Perennial ryegrass and novel festulolium forage grasses in the tropical highlands of Central Kenya: Preliminary assessment

Solomon Waweru Mwendia, Brigitte Maass, David Njenga, An Notenbaert

Abstract


Two perennial ryegrass (Lolium perenne) varieties and 5 festulolium hybrids (L. perenne × Festuca spp.) were evaluated on-farm for their performance over one growing season on clay loam soils at Ol-joro-Orok in the central highlands of Kenya at about 2,600‒2,800 masl. Seed was sown in May 2015 and fertilizer (90 kg N + 90 kg P/ha) was applied at planting. The study continued for 8 months with harvests after 113, 99 and 32 days (3 growth cycles). Growth attributes assessed included dry matter yield (DMY) and plant height, while forage nutritive value was measured in terms of crude protein (CP), acid detergent fiber (ADF) and neutral detergent fiber (NDF) concentrations. At the end of the first growth cycle, 61 local dairy farmers rated the grasses on criteria they nominated as being important, including DMY, growth rate, height, frost tolerance, disease tolerance and leafiness. Total herbage yields for the whole study period (8 months) ranged from 14.6 to 18.0 t DM/ha for perennial ryegrass and 14.3 to 20.9 t DM/ha for festulolium with very poor growth in the third growth cycle. All perennial ryegrass and festulolium lines contained similar (P>0.05) concentrations of CP (163–190 g/kg DM), ADF (264–281 g/kg DM) and NDF (448–493 g/kg DM). For perennial ryegrass, farmers gave a minimum weighted score of 6.7 and for festulolium, 7.9. Based on herbage production, forage nutritive value and farmers’ assessments, we conclude that all perennial ryegrass and festulolium lines tested have the potential to contribute to improving the forage resource base in this and other similar areas, especially for farmers whose land sizes allow grazing instead of stall-based feeding only. Further studies with N applications after each harvest would determine whether yields can be maintained at high levels for longer than in this study, while grazing and feeding studies would determine how well the pastures support weight gains and milk yields. Studies over a number of years are needed to assess how persistent these varieties/hybrids are in this and other environments.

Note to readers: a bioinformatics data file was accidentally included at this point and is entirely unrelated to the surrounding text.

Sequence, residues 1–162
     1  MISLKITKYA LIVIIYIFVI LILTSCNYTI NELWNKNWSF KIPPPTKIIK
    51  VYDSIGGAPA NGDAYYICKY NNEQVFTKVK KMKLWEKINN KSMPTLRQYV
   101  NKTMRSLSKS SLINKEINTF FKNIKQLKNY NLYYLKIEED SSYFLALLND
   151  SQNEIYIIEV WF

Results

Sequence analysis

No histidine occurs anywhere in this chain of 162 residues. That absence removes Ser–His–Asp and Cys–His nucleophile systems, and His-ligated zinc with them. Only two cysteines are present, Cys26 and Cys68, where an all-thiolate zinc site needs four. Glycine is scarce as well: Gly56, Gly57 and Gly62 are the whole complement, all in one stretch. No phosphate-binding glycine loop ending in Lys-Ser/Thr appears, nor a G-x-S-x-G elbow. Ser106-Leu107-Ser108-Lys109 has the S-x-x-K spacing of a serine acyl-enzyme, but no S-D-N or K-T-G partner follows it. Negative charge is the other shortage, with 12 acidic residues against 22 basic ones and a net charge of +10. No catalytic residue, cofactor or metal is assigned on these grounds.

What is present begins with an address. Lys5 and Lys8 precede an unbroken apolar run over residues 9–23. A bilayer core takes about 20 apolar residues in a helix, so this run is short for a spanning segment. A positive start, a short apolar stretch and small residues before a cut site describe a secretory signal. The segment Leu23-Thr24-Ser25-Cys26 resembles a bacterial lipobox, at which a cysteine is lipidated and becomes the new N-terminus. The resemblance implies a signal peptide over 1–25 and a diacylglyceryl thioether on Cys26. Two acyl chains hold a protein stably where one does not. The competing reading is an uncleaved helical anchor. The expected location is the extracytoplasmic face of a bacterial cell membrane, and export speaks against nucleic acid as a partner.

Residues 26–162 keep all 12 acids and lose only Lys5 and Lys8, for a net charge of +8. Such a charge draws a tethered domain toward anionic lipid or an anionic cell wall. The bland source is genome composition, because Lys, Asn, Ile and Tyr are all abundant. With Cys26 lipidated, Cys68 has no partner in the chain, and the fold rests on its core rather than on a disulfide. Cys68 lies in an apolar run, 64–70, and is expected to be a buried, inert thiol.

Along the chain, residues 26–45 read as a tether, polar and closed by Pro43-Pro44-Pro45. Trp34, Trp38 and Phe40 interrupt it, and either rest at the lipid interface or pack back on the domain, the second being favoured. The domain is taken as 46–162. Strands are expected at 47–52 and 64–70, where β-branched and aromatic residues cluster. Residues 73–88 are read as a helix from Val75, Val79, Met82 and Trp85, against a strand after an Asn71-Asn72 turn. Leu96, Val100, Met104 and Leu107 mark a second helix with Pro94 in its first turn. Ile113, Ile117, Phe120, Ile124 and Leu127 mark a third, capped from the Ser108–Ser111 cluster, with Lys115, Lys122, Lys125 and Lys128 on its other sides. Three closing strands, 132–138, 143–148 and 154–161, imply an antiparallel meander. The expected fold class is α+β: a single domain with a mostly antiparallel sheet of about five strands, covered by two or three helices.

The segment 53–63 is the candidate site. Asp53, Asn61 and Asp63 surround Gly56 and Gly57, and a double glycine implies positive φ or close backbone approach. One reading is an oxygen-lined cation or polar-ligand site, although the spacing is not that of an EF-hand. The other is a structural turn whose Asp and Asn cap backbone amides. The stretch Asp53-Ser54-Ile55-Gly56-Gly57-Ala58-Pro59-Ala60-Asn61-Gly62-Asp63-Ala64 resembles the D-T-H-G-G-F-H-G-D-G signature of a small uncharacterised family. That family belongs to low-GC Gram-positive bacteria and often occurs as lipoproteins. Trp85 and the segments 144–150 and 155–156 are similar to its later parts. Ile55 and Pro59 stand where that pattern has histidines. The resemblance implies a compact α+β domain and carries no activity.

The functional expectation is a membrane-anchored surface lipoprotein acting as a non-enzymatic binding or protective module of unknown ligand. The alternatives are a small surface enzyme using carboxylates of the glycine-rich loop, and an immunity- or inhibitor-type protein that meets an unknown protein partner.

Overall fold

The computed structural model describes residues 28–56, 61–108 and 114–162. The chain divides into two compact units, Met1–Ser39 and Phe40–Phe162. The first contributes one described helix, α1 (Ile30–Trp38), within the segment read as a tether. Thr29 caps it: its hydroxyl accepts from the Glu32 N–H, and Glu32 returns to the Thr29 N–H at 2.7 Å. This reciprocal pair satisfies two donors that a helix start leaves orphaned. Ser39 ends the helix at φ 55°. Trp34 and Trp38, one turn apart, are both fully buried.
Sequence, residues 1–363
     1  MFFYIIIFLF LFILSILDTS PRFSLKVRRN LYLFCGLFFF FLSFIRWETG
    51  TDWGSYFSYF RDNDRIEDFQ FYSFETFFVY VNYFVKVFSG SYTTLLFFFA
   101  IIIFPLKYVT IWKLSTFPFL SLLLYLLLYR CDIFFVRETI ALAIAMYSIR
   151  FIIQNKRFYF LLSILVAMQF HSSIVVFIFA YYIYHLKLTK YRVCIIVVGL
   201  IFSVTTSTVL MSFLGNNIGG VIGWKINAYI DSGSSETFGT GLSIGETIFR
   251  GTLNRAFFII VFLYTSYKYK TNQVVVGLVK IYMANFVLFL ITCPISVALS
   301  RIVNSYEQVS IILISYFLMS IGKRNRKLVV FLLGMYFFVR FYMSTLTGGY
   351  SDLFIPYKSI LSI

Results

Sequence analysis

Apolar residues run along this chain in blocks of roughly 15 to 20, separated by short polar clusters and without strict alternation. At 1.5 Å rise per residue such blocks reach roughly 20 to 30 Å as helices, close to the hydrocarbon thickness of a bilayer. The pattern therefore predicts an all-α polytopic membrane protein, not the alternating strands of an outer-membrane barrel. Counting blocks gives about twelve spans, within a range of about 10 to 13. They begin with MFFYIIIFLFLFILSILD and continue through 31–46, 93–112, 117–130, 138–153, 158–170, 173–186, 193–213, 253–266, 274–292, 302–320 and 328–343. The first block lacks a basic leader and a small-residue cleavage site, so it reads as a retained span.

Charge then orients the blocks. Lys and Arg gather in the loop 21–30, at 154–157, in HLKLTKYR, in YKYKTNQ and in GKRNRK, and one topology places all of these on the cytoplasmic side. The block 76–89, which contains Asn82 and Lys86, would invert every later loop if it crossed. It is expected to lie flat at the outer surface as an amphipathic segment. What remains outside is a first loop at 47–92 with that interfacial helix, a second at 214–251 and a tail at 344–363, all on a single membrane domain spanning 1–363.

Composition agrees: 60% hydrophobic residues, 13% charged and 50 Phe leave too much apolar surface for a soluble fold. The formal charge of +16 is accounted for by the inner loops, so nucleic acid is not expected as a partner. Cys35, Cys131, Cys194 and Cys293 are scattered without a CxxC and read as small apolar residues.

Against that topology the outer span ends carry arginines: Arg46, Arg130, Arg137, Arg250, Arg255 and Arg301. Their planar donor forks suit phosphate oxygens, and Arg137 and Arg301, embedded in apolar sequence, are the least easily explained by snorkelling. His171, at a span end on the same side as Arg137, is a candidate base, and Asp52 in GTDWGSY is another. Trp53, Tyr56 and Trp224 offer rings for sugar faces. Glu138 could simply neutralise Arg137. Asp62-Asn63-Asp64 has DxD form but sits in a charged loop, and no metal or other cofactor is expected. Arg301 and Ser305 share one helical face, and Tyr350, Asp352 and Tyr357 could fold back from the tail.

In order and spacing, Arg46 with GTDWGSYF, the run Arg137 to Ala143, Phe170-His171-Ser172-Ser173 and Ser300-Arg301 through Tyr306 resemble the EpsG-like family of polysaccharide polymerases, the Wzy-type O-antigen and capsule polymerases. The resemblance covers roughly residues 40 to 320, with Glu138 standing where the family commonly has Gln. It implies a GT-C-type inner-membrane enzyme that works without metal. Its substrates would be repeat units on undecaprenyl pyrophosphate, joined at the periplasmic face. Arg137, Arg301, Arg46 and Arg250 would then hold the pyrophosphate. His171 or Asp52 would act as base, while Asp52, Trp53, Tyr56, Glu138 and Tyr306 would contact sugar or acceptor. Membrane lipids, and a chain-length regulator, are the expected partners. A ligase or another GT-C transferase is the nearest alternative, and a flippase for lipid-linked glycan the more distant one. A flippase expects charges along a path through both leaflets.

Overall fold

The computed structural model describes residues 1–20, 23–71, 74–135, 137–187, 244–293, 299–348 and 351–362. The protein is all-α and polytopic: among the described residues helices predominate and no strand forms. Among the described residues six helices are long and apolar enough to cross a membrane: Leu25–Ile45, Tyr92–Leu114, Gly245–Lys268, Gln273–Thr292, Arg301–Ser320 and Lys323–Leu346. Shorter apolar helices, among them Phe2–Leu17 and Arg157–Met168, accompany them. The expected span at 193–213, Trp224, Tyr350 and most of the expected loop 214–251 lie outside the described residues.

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DOI: https://doi.org/10.17138/tgft(7)234-243

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